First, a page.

Guide to the Oral history interview with Charles F. Dey, 2002 March 29Manuscript DOH-8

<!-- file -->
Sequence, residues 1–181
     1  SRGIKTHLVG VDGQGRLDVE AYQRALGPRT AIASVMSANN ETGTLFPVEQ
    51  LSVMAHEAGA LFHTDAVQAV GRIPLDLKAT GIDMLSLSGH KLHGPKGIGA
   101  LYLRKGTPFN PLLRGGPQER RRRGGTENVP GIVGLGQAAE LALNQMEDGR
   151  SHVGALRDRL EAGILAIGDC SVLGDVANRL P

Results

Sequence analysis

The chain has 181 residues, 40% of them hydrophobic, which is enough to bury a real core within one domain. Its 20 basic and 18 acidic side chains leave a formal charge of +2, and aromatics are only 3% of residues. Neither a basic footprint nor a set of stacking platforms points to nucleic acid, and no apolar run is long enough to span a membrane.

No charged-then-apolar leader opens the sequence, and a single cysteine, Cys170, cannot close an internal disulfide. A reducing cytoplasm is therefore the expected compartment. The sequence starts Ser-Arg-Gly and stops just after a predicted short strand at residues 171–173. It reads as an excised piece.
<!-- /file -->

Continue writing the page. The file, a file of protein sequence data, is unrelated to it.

Charles Dey was born on December 15, 1930 in Newark, New Jersey. He completed his undergraduate degree at Dartmouth in 1952 and following naval duty, Dey started his career as a teaching fellow and history instructor at Phillips Academy Andover before returning to Dartmouth in 1960 as Assistant Dean of the College. In 1962, he was a regional representative for the Peace Corps in the Philippine Islands as one of the Peace Corps' first in-country directors. In 1963, Dey returned to Dartmouth as Associate Dean. At this time he also established Dartmouth's A Better Chance (B.A.C) summer transition program to help minority students qualify for private secondary schools. Dey became Dean of the Tucker Foundation in 1967. He initiated local poverty programs, collaboration with a black college in Alabama and educational opportunities for Native Americans. He developed Tucker Internships in rural and inner-city communities, including establishment of a Dartmouth Learning Center in Jersey City, N.J. He left Dartmouth in 1973 to become the first head of the combined Choate School and Rosemary Hall. After retiring from Choate Rosemary Hall in 1991, Dey launched the Start On Success (SOS) program for the National Organization on Disability.

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